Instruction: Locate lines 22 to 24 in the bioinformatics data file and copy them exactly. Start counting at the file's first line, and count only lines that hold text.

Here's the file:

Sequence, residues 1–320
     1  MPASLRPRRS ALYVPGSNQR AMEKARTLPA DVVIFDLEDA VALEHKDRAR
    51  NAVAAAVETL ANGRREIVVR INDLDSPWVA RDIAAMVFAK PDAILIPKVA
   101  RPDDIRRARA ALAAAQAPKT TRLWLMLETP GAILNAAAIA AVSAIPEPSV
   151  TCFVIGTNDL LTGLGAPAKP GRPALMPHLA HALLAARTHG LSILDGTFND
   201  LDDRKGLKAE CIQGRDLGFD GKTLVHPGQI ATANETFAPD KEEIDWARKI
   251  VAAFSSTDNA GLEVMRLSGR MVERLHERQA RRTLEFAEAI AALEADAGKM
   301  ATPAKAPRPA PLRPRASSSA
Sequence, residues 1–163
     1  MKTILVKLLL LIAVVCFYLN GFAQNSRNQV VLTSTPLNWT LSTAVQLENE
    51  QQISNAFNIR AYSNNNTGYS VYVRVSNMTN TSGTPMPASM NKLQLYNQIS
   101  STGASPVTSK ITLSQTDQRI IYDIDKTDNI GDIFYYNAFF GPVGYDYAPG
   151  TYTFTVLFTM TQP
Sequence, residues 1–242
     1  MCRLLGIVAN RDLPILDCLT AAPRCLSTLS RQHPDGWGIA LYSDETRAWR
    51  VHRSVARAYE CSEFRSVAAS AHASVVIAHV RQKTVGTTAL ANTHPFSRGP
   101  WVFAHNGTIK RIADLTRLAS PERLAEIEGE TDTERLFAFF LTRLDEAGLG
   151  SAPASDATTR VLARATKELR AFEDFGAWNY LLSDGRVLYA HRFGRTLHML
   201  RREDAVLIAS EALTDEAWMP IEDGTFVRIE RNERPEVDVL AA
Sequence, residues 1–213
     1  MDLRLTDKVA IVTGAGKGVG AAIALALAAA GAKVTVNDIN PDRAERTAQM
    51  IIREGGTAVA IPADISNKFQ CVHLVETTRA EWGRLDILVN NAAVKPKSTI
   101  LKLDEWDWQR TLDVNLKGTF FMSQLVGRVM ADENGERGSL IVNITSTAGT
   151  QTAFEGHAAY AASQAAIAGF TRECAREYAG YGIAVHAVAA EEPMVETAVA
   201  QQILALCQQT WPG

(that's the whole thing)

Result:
    51  IIREGGTAVA IPADISNKFQ CVHLVETTRA EWGRLDILVN NAAVKPKSTI
   101  LKLDEWDWQR TLDVNLKGTF FMSQLVGRVM ADENGERGSL IVNITSTAGT
   151  QTAFEGHAAY AASQAAIAGF TRECAREYAG YGIAVHAVAA EEPMVETAVA